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の Particle (Genitive)

の Particle (Genitive)

の Particle (Genitive) Japanese Grammar Lesson

Grammar Type: Particle

Essential Meaning: ‘s / Of / In / At / For / By / From

Construction: 

  • Noun の Noun
    • E.g. わたしほん [My book]
    • E.g. 自由じゆう女神めがみ [The Statue of Liberty]
  • (Noun + Particle) + の Noun
    • E.g. 日本にほんでの仕事しごと [A job in Japan]
    • E.g. メアリーへのプレゼント [A present for Mary]

Notes:

  • の is the genitive case-marking particle. It connects two nouns phrases into one larger noun phrase based on some possessive or attributive relationship (i.e. “X possesses Y” or “X is an attribute of Y“). In many cases, the meaning of の is directly analogous to ” ‘s “ as in “John’s hat” or to the preposition “Of”, as in “The Statue of Liberty”. But keep in mind that there are other usages of の that are not directly analogous to English. A thorough list of relationships that can be expressed with の (Genitive) is provided at the bottom of this page.
    • E.g. となりのトトロ [My Neighbor Totoro] This Ghibli movie title has no direct English equivalent, but it means something to the effect of “Next door’s Totoro”. The の particle conveys the idea that となり [Next door] is an attribute of Totoro.
    • E.g. 魔法まほう宅急便たっきゅうびん [Kiki’s Delivery Service] This Ghibli movie title has a more literal English equivalent (i.e. “The Witch’s Delivery Service”). There is a possessive relationship between Kiki and the delivery service.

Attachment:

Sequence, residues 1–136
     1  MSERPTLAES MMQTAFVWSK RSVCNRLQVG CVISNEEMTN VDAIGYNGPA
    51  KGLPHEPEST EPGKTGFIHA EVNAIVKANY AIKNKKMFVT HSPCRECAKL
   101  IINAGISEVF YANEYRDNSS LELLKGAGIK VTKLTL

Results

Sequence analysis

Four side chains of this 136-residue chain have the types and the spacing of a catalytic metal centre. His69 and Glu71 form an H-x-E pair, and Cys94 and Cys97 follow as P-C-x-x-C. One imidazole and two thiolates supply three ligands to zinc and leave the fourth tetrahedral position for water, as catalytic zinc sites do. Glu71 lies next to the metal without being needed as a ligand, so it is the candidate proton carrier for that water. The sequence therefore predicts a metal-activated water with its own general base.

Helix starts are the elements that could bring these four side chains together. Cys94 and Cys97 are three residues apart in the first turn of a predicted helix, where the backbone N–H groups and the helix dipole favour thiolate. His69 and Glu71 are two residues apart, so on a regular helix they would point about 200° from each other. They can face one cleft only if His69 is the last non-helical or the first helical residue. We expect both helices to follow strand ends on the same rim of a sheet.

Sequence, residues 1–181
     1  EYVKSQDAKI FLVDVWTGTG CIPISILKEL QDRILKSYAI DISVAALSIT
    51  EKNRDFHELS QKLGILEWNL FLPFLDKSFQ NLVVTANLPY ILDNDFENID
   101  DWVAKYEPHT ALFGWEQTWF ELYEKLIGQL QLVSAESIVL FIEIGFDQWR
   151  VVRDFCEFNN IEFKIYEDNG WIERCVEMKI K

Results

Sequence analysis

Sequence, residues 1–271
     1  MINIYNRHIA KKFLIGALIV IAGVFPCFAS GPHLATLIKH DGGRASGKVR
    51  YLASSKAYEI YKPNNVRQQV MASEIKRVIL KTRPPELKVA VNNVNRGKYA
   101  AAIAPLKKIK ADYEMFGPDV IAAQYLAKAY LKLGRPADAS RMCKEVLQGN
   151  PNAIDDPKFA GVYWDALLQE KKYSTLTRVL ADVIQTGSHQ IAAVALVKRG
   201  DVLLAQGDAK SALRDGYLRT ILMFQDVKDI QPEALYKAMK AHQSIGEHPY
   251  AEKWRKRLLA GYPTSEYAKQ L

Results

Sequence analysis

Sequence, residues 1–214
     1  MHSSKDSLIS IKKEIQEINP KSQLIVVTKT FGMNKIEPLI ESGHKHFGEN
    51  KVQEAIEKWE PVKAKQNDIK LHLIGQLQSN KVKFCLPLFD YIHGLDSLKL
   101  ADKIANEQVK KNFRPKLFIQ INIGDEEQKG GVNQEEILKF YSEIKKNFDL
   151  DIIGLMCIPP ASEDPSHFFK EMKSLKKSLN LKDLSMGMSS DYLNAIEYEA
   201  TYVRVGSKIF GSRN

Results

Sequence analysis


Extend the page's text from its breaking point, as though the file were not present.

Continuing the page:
• In the expression Noun 1 の Noun 2, Noun 2 is the main noun and Noun 1 is the modifier. For example, in the sentence クリスの靴下くつしたきだ [I like Chris’s socks.], the speaker is saying that he likes the socks, which happen to belong to Chris. In other words, 靴下くつした [Socks] is the main noun under discussion, and the noun クリス [Chris] provides relevant information and context about 靴下くつした.
  • Although の (Genitive) typically connects two nouns directly, Noun 1 can sometimes take a case-marking particle such as , , から, , まで, , だけ, or ため in addition to の (Genitive). Such structures tend to create attributive prepositional phrases such as “An X for Y“, “An X to Y, “An X at Y“, et cetera. However, the particles , , , and can NOT be used alongside の (Genitive).
    • E.g. 8からパーティーにきました。[From 8 o’clock, I headed to the party.] This example expresses that the speaker went to the party at 8, but it does not imply anything about when the party starts.
    • E.g. 8からのパーティーにきました。 [I went to the party, which started at 8.] The の particle in this example indicates that 8 is an attribute of the party itself. In other words, the party itself starts at 8, and the time at which the speaker leaves for the party is unknown.
    • E.g. 先生せんせいとのはな [A discussion with the teacher] In this example, the prepositional phrase “With the teacher” is a noteworthy attribute of the discussion.
    • E.g. 来週らいしゅうまでの予定よてい [Plans until next week] In this example, the prepositional phrase “Until next week” is a noteworthy attribute of the plans.
    • E.g. 日本にほんへのたび [A trip to Japan] In this example, the prepositional phrase “To Japan” is a noteworthy attribute of the trip.